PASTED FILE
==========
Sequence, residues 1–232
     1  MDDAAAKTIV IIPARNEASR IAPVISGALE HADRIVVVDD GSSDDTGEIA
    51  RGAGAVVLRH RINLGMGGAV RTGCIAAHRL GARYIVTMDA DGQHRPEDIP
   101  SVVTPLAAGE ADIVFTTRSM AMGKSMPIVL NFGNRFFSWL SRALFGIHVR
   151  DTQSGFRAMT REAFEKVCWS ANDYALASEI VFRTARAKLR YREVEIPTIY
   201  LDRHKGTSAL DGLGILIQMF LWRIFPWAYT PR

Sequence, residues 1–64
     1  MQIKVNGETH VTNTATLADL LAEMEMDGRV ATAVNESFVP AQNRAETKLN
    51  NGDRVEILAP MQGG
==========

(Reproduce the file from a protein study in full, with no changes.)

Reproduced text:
Sequence, residues 1–232
     1  MDDAAAKTIV IIPARNEASR IAPVISGALE HADRIVVVDD GSSDDTGEIA
    51  RGAGAVVLRH RINLGMGGAV RTGCIAAHRL GARYIVTMDA DGQHRPEDIP
   101  SVVTPLAAGE ADIVFTTRSM AMGKSMPIVL NFGNRFFSWL SRALFGIHVR
   151  DTQSGFRAMT REAFEKVCWS ANDYALASEI VFRTARAKLR YREVEIPTIY
   201  LDRHKGTSAL DGLGILIQMF LWRIFPWAYT PR

Sequence, residues 1–64
     1  MQIKVNGETH VTNTATLADL LAEMEMDGRV ATAVNESFVP AQNRAETKLN
    51  NGDRVEILAP MQGG